What the Brain Waves Can Tell Us About Depression!!

A UCLA study finds noninvasive method that may help speed relief from depression disorder.

Depression is a major public health problem and leading cause of disability that affects 17 million people in the United States every year. The good news is: There are several antidepressant drugs on the market that are effective in treating depression. The bad news is: Less than one-third of people with the disorder find relief from depression with the first antidepressant that is prescribed for them. Finding the right antidepressant for individuals is a process of prolonged trial-and-error. Patients must wait weeks, months or even up to a year to see if the antidepressant will be effective for them.

Ready for some GOOD NEWS?

A 10-minute procedure in your doctor’s office can significantly help speed relief from this disorder by shortening this process of prolonged trial-and-error. A study by researchers at the Semel Institute for Neuroscience and Human Behavior at UCLA has found a new noninvasive way to predict which individuals will respond favorably to the most commonly used medications to treat depression — using brain wave recordings. This biomarker- a simple pair of brain-wave recordings, or electroencephalograms (EEGs) can predict whether the person will enter remission after just one week of treatment. Knowing whether a medication is going to work could eliminate months of waiting by the patient, and get them on effective treatment more quickly.

The researchers used the electroencephalogram recordings to predict recovery from depression in those taking escitalopram, a common antidepressant sold under the brand name Lexapro. Escitalopram works by increasing the levels of serotonin, a chemical messenger or neurotransmitter in the brain that helps to regulate mood.

Serotonin levels in the brain also maintain the ratio between slow ‘delta-theta’ brain waves and faster “alpha” brain waves. The brain uses this ratio between fast and slow waves to form chemical or electrical networks that support normal mood and thinking. Researchers reasoned that the effect of escitalopram in shifting the balance between delta–theta and alpha activity would predict the effectiveness of the drug in relieving symptoms of depression.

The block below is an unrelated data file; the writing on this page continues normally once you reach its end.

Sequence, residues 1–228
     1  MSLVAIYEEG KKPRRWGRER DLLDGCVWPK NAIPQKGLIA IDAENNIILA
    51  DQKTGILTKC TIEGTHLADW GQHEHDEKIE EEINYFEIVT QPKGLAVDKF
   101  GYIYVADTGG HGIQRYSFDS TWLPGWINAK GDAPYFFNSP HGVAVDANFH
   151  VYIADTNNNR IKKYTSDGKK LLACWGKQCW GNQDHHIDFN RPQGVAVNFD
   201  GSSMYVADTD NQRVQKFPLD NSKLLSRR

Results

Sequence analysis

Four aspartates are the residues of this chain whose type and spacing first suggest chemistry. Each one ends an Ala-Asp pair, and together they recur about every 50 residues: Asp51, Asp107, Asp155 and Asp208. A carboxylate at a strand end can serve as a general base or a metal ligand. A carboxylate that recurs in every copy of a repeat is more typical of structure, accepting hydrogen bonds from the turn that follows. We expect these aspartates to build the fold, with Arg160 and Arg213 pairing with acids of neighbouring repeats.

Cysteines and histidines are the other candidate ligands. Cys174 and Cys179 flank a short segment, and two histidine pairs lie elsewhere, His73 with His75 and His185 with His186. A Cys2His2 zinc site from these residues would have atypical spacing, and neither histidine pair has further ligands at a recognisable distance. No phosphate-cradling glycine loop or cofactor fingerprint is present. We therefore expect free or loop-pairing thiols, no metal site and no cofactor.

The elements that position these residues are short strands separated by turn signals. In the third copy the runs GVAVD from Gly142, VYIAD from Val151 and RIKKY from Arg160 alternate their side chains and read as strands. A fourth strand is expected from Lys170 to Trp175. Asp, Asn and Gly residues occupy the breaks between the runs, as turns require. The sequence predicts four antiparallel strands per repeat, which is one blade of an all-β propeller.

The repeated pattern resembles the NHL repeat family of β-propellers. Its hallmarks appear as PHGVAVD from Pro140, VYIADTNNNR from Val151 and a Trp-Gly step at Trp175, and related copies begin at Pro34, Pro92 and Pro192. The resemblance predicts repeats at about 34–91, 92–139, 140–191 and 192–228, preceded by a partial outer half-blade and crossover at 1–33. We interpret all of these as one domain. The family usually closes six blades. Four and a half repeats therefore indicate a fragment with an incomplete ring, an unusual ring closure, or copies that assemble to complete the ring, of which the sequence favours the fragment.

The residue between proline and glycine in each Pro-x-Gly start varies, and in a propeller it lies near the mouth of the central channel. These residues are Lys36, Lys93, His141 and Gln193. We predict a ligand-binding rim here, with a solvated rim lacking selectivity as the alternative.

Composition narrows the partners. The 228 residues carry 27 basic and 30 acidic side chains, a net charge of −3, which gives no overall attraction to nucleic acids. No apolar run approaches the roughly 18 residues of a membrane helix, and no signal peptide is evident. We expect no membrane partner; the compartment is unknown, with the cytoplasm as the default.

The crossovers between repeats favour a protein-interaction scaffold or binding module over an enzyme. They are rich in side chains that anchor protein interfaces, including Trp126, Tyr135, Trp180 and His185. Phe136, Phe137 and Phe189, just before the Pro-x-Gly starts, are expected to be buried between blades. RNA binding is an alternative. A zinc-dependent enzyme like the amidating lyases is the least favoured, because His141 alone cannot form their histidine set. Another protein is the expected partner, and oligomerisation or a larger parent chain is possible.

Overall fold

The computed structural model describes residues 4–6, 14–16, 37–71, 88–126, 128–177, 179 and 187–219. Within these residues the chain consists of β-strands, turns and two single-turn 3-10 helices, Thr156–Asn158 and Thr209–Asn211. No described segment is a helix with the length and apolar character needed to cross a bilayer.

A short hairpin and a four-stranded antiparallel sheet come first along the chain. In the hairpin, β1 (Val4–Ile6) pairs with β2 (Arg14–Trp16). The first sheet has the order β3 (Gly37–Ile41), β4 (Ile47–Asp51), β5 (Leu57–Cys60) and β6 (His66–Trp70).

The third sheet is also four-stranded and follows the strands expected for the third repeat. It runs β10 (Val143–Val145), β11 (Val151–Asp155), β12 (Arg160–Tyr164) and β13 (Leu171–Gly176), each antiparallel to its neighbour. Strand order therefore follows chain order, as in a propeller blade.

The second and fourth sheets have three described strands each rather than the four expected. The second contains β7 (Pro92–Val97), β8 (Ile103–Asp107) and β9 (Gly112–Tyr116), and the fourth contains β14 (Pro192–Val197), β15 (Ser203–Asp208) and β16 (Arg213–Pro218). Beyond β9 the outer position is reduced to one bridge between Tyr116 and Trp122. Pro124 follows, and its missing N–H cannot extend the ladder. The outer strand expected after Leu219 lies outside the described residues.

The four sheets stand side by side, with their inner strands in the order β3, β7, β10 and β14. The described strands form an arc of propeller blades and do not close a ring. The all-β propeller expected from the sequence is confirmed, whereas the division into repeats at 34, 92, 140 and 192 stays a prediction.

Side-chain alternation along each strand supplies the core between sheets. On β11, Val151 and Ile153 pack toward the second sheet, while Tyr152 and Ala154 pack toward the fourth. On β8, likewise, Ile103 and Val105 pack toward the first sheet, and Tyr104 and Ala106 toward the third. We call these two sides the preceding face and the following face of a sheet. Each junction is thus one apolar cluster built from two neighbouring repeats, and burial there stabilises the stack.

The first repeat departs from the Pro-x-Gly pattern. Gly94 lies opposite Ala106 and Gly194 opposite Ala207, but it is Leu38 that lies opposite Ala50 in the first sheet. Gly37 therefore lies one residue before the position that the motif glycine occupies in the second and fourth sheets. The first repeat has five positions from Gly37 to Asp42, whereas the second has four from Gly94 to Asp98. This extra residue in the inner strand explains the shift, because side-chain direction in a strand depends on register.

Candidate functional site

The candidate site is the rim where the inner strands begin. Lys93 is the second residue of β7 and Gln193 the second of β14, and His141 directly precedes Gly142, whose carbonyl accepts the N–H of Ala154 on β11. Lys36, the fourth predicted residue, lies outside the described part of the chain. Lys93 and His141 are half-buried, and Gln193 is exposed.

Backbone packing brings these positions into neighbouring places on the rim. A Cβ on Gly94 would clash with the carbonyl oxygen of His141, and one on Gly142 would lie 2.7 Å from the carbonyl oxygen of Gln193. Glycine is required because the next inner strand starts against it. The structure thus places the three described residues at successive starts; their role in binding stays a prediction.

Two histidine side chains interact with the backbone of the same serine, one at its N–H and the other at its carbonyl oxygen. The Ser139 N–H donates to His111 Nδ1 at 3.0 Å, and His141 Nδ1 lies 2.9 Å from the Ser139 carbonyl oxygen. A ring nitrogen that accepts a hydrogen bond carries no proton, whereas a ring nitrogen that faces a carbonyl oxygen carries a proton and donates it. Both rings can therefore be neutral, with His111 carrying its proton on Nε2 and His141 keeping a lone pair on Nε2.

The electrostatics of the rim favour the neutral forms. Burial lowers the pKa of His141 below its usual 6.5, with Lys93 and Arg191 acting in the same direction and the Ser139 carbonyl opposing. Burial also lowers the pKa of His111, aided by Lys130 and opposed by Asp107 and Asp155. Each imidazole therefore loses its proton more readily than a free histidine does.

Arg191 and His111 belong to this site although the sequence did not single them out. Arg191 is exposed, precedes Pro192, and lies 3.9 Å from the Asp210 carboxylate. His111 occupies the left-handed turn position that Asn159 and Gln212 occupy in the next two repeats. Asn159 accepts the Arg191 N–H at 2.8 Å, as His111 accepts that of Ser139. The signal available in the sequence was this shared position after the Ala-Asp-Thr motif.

The researchers tested whether brain wave recordings in the first week of treatment would show that the antidepressant (as compared with a placebo) corrected the frequency imbalance — and predict a beneficial effect of medication on an individual’s depression after seven weeks of treatment.

After one week of taking escitalopram, the brain wave recordings of the people who eventually responded favorably to the treatment differed significantly from the measurements of those who did not benefit. The people whose brainwaves showed a large shift toward producing more delta–theta waves were less likely to enter remission with escitalopram treatment. Conversely, those people who shifted toward producing more alpha oscillations after one week of treatment with escitalopram were significantly more likely to find relief from their depression.

The study is notable in a number of ways, the researchers say. For example, although some previous studies have reported on biomarkers that can predict response — that is, whether an individual will get better — few have been able to predict whether a patient will enter remission.  The other important finding — and the pleasant surprise — is that the biomarker was also tested in a group of subjects treated with placebo. Many patients with depression who are treated with placebo also get better or well, but frequently this improvement is only short-lived.
The biomarker selectively predicted remission with medication, but did not when a placebo was used. This confirmed that we can differentiate a true, specific response to a drug from a non-specific placebo response. This is the first time that a biomarker that differentiates placebo remission from drug remission has been reported.
The researchers next plan to use brain wave recordings to evaluate other antidepressant medications as well as cutting-edge non-medication treatments such as trans cranial magnetic stimulation, a magnetic method used to stimulate small areas of the brain.
At the Brain Performance Center we do use brain wave recording to guide treatment plans that do offer magnetic therapy to treat depression.  These include pEMF pulsed electrical magnetic frequencies) and tDCS/tACS, (trans cranial direct or alternating current stimulation).  Please watch the video to get an overview of what we do, or call 817-500-4863 to learn more.

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Leigh